Musial Fidelity M6 - Outboard DAC (Part 1)

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Always ready to try something new, Musical Fidelity has added Bluetooth to make this new DAC’s abilities truly all-embracing. So will it shake your digital world?

There’s long been discussion about who was really the first to get a separate hi-fi digital-to-analogue converter on the market. Arcam claims the honor, with its original Black Box appearing in February 1989, but almost as quick off the mark was Antony Michaelson’s company, Musical Fidelity.

Before that, in the early days of CD, player had only offered a take-it-or-leave it analogue output for connection to your amplifier’s line inputs. Then along came S/PDIF, a digital connection protocol that allowed players to provide a user-accessible digital output.

Musial Fidelity M6

Musial Fidelity M6

This in turn gave some of the Japanese manufactures the chance to promote a new kind of component, the ‘digital amplifier’. This wasn’t a digital amplifier in the modern sense, but simply a conventional amp with a digital-to-analogue converter added in the same box, so that it could handle the digital signal from the CD transport. With Digital Audio Tape (DAT) on the horizon, the majors seemed to be envisaging a brave new world of digital stacking systems.

All shapes and sizes

That idea proved to be shorter-lived than DAR itself, but the fact that you could now get a digital signal out of a CD player gave the smaller specialist manufacturers a chance to get involved, with separate DACs of all shapes and size. Later though, as various advances in D/A conversion technology began to appear in Cd players anyway, outboard DACs lost their appeal and all but disappeared from the market, except at the high end.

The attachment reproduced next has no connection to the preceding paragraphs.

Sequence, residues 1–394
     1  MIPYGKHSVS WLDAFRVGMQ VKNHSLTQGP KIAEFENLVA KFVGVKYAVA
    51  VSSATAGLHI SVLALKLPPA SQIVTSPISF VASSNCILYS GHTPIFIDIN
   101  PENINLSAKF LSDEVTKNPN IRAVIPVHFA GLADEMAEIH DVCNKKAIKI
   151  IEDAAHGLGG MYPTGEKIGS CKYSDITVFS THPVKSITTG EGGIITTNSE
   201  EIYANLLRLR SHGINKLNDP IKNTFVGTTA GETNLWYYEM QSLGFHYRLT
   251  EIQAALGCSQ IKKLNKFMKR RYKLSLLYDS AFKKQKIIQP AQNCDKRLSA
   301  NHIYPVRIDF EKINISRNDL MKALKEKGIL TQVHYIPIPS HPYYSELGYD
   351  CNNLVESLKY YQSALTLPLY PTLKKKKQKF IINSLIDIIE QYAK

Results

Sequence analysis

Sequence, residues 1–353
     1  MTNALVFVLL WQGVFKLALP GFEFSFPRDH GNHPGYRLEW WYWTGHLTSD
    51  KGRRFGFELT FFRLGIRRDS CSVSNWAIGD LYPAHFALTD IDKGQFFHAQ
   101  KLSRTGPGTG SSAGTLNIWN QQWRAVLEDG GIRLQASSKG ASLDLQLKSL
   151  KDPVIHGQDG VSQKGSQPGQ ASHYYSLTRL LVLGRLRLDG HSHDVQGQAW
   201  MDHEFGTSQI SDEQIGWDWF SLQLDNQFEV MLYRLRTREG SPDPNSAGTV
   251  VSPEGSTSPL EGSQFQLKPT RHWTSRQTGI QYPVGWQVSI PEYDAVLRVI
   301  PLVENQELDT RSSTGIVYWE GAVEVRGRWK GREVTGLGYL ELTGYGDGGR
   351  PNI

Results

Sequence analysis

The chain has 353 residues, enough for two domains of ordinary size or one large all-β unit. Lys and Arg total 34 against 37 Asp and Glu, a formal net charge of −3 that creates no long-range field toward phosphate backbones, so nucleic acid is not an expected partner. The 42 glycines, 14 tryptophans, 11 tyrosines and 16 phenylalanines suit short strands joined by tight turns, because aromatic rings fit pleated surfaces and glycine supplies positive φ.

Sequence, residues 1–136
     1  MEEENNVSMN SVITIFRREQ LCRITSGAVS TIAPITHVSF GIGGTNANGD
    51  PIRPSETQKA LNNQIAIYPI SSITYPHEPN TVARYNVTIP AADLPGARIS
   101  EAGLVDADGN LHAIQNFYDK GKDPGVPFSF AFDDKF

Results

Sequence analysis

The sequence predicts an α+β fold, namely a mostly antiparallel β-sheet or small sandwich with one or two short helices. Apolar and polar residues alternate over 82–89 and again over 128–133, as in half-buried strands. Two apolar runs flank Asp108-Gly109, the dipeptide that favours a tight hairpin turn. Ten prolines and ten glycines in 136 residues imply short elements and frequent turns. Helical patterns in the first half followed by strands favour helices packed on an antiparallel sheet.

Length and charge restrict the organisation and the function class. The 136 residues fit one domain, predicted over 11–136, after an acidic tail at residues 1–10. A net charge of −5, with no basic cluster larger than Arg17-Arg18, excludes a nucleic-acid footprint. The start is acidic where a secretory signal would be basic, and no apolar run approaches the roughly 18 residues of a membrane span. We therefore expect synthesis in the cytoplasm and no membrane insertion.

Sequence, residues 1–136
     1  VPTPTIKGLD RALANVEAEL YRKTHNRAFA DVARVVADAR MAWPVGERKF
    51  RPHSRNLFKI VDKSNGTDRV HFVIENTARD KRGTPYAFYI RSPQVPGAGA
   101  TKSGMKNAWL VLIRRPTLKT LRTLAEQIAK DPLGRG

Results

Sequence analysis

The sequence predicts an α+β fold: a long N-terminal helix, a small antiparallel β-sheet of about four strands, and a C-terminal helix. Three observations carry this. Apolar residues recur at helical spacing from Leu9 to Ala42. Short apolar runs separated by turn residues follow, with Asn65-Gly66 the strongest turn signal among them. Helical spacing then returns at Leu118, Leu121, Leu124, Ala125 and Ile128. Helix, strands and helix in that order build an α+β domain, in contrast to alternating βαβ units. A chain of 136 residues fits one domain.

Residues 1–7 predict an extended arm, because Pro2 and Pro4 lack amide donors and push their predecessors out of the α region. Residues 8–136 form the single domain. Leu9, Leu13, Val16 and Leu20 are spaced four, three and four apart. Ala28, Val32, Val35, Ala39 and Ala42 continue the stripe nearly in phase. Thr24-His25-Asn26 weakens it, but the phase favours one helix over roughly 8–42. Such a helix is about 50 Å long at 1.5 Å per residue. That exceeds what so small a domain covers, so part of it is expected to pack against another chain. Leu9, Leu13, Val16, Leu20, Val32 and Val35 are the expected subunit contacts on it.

But the renaissance of the separate DAC came, of course, with the burgeoning digital sources of the internet generation, which brings us to the latest offering from Musical Fidelity, a luxurious Hi-Fi DAC which sets out to cover all the possible bases. It’s really designed to be a comprehensive processor for all digital sources, with almost every possible input/output option.

Both the power supply regulation, 24-bit/ 192 kHz DAC and analogue output stage are screened in their own enclosures. Popular SMOS solution is used for MF’s USB input

Both the power supply regulation, 24-bit/ 192 kHz DAC and analogue output stage are screened in their own enclosures. Popular SMOS solution is used for MF’s USB input

First and foremost, it will find a home in audiophile systems that look to the future with high-resolution audio. But to complete the M6’s capabilities, Musical Fidelity has also included Bluetooth. This is a great convenience feature because it means that you can play music files wireless from any recent Bluetooth-enabled phone or other device, without involving your main home computer wireless network.

Bluetooth is supposed to give a wireless range of up to 30 meters, and its reliability, bandwidth and achievable audio quality have all improved since its inception. Current Bluetooth devices use the APTX codec instead of the earlier SBS lossy compression, and this has perhaps encouraged hi-fi manufacturers to take it more seriously.

Chord Electronics seems to have been first in the field with its Chordette Peach, a multi-input Bluetooth-equipped DAC, while at the other end of the price scale Cambridge Audio offers the little BT100 Bluetooth adapter, which works with existing Cambridge products. Meanwhile, Arcam has announced its rBlink Bluetooth DAC for around $225. Claims for Bluetooth audio quality vary, with Cambridge cautiously speaking of ‘almost CD-quality reproduction’ while Chord refers to ‘CD like transfer of music’. Arcam just mentions ‘high quality music replay’.

A heartland product

Antony Michaelson became enthused about Bluetooth through using the Soundmatters FoxL portable products, so much so that MF became its UK distributor. But the M6 DAC is very much a Hi-Fi system product for enthusiasts, and its $3,000 price point puts it, as Michaelson says, right in Musical Fidelity’s heartland.